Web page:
Ever since the debut of ESPN in 1979 - or even since sporting events began getting televised in the early 40s - sports have been broadcasted to the public as one of the purest forms of drama and entertainment. While it's true that throughout history sports have always been treated as entertainment, only recently have they begun to become extremely dramatized and commercialized. I don't mean this in a bad way; I love seeing commercials that get me pumped up for the Super Bowl or showing highlights from my favorite sports moments. When a game is good - tense, thrilling, down to the wire - television has the ability to make it that much better. Statistics are whipped out of nowhere, instant replays are shown and shown again, and the announcers set a tone for whatever is about to happen. If you're truly invested, all of these factors can make your heart start to beat faster than an episode of Breaking Bad.
Which brings me to the last week of sports in Boston. Sunday, October 13th 2013 is a day that will live on in every Bostonian's mind. First, the New England Patriots, having lost the previous week to the Cincinnati Bengals, seemed destined to lose in a close game against New Orleans. But with time running out and everything seemingly hopeless, the incredibly clutch, ultra-talented, male model of a man that is Tom Brady threw a last second touchdown to win the game. Cue the fireworks.
Soon after, the Boston Red Sox had their second game in a best of seven series against the Detroit Tigers, playing for the title of American League Champions (the final step before reaching the World Series). The Sox were already down 1 game to 0, and desperately needed a win before leaving Boston to head to Detroit. Their hopes seemed even more grim than that of the Patriots: in the bottom of the 8th inning, they were losing 5-1. However, like most dramas, just when things look bleakest, something comes and pulls you out of the sorrow and despair. That something was David "Big Papi" Ortiz, who's only goal in life seems to be showing people that he knows how to play baseball in October. With the bases loaded and the announcers talking about how he has never hit a home run off of the current Tigers pitcher, he swings at the first pitch and launches it over the right field wall and into the bullpen. Cue the cheers.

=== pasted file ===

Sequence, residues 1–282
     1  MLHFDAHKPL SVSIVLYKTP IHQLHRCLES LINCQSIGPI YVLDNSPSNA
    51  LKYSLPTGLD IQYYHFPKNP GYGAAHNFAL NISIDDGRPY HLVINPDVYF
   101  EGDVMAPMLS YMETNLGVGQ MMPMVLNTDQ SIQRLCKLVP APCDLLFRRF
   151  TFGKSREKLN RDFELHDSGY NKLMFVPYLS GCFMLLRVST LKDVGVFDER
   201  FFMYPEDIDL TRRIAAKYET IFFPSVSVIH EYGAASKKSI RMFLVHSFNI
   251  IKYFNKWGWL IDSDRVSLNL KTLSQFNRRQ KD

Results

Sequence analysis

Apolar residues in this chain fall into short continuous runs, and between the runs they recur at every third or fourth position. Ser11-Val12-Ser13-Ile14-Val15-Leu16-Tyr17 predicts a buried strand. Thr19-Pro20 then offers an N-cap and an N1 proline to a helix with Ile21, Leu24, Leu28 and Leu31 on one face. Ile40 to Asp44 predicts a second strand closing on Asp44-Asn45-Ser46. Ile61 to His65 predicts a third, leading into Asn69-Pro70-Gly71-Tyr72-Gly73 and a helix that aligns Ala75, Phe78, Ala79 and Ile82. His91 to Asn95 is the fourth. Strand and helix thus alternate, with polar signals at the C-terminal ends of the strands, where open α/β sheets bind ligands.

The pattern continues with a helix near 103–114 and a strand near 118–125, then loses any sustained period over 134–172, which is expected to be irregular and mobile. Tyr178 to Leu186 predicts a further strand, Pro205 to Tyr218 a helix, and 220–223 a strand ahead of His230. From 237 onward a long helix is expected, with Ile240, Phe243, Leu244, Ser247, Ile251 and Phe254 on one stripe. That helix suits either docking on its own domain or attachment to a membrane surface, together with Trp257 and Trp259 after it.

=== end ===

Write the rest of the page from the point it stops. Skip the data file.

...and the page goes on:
The Red Sox went on to not only win that game, but also take a very commanding lead on the series going into the weekend (and back to Boston) currently up 3 games to the Tiger's 2. Both of these games, the Patriots and the Red Sox, while they may not be particularly enjoyable for those who are not fans of the teams, were undeniable the best dramas on television that Sunday evening. You have your underdog stories, your come from behind wins, your heroes, your villains, and your climaxes, both of which happened in spectacular and (not always common in sports) last second fashion. The camera directions, the timing, the now infamous policeman in the bullpen that celebrated Ortiz's home run before helping a hurt Tori Hunter to get up, all of this creates an atmosphere that even Vince Gilligan couldn't create. It's all extremely real, but presented in a way brings the viewer much closer to the action than if they were just a spectator at the game.
I've been in Canada for almost two days now, and I fully expected to not hear any news of American baseball until I returned at the end of the weekend. I was very wrong. The power of sports is so strong that no matter where you are, whether you understand the game or care about a team or anything like that, you can still find yourself getting dragged into the spectacle. I visited a random sports bar last night in the Chinatown section of Montreal at 1 in the morning, and ended up watching highlights from the Thursday night football game and - to my extremely pleasant surprise - a recap of the last Red Sox baseball game. The play by play may have been in French, but the thing that matters most - the game - was universal, as only the best dramas really are.